Mastitis Control in First Lactation Heifers
Published in Dairy Star July 02, 2010
The Minnesota DHIA Herd Summary report has three important tables to check to monitor the somatic cell count (SCC) status of the dairy herd. The Current SCC Evaluation table shows the number of cows and percent infected by lactation number and by linear score within each lactation. The Changes in SCC Status table shows the fresh vs. last dry off and current vs. last test percentages for cures, chronics, negatives, and new infections. The third table is the Yearly SCC Summary, showing the percent infected by days in milk and by lactation number.
When analyzing these tables in herds with mastitis problems, two questions especially come to my mind: why are the first lactation heifers infected; and, why are so many infected within less than 30 days in milk? For example, the DHI report may show 35 to 45% of first calf heifers infected within 30 days in milk or perhaps 30 to 40% complete their first lactation infected, some reaching linear scores of 6 or 7, indicating they are shedding high numbers of somatic cells.
Although it would be great if all first lactation heifers entered the milking string infection free, it cannot be assumed that this will ever be the case. Heifers can become susceptible to mastitis pathogens as soon as they begin to produce mammary secretions, as early as 6 to 8 months of age. Intra-mammary infections at any time thereafter can persist throughout pregnancy and into lactation.
What are some reasonable SCC goals to aim at with first lactation heifers?
- Uninfected heifers should have a SCC of less than 75,000 per ml by one week after calving.
- The number of clinical mastitis flare-ups in fresh heifers within the first two weeks of lactation should be less than 10% per year.
Sources of mastitis infection - Although it is not known for sure how heifers contract mastitis, sources may include:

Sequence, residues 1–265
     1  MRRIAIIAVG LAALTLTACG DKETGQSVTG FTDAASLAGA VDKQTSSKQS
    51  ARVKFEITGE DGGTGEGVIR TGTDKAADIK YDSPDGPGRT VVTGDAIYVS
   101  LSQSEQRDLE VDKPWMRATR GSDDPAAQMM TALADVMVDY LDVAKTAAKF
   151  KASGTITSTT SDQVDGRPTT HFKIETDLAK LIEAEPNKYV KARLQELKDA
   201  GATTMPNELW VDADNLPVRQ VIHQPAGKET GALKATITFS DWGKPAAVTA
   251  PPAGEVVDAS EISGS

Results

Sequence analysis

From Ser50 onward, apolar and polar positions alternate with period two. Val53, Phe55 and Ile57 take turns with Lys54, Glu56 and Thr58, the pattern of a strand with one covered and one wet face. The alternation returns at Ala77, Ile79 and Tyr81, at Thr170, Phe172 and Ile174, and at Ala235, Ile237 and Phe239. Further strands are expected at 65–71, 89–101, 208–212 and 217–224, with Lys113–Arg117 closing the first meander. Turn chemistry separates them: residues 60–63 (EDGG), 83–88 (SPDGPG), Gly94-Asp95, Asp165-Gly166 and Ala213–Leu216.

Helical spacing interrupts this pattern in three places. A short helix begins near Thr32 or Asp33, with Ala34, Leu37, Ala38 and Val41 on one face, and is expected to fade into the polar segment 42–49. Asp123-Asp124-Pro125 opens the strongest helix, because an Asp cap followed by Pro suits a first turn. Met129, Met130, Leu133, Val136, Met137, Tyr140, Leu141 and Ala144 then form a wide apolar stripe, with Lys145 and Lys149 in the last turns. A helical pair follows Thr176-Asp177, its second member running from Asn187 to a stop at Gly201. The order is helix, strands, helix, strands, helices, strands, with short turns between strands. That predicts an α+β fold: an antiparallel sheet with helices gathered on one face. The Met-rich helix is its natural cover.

- Bacteria that are on udder skin and have the opportunity to enter the teat orifice.
- Bacteria harbored in the oral cavities of calves, which suckle other calves.
- Bacteria present in the heifers' environment, such as those found in soil, manure, and bedding material. Dirty hind feet and legs can also contaminate teat ends when heifers are lying down.
- Mastitis-causing bacteria on biting flies can be spread among heifers when flies congregate on teat ends. Research has shown that heifers in herds with fly control programs have lower prevalence of mastitis than in herds without fly control.
Solutions - University of Minnesota Diagnostic Lab culture records indicate that most of the mastitis in Minnesota dairies is coming from environmental pathogens. So in most cases, it comes down to hygiene and finding ways to reduce the number of mastitis-causing bacteria at the teat end, even for first lactation heifers. Here are some solution ideas:
- S.E. Nickerson, based on research at University of Georgia, (source: National Mastitis Council) suggests examining heifers for signs of mastitis either at the time of A.I. or pregnancy check when they are being handled anyway. Exam the developing udders, mammary fluid, and teat skin to help identify swollen quarters, abnormal secretions, and presence of teat scabs. These quarters are most likely to be infected and should be treated.
- Know the 'bug' you are dealing with so you can zero in on the problem. Collect and then culture aseptic milk samples from heifers that are fresh more than 7 days and have clinical mastitis or high SCC to determine the bacteria source. Examples: If it's a contagious pathogen like Staph. aureus or Strep. ag., check milking practices, milking equipment, or post-dipping coverage. Also check for teat injuries or fly bites. When environmental Streps or coliforms are found, look at the bedding and housing areas, especially those for close-up animals, and check freestall or calving area cleanliness as well as effectiveness of milking practices in getting teat surfaces clean.
- Avoid wet, bacteria-laden areas for resting areas, whether indoors or outdoors. Heifers should calve in clean, sanitized, dry maternity pens, separated from other animals.
- Hutches and pens for calves and heifers should be well-bedded, clean, dry, and comfortable. Lots and pastures should be managed to prevent muddy areas where heifers would lie down.
- Remove any calf from a group that sucks on other calves or house calves in individual pens or hutches to prevent this.
- Dry treat heifers before calving.
First lactation heifers represent the future milking herd. Find out what is causing mastitis infections to show up within days of freshening. Then develop an action plan to reduce the level of SCC in future first lactation heifers. Lower SCCs in first lactation heifers could be a partial answer to a lower SCC for the whole herd.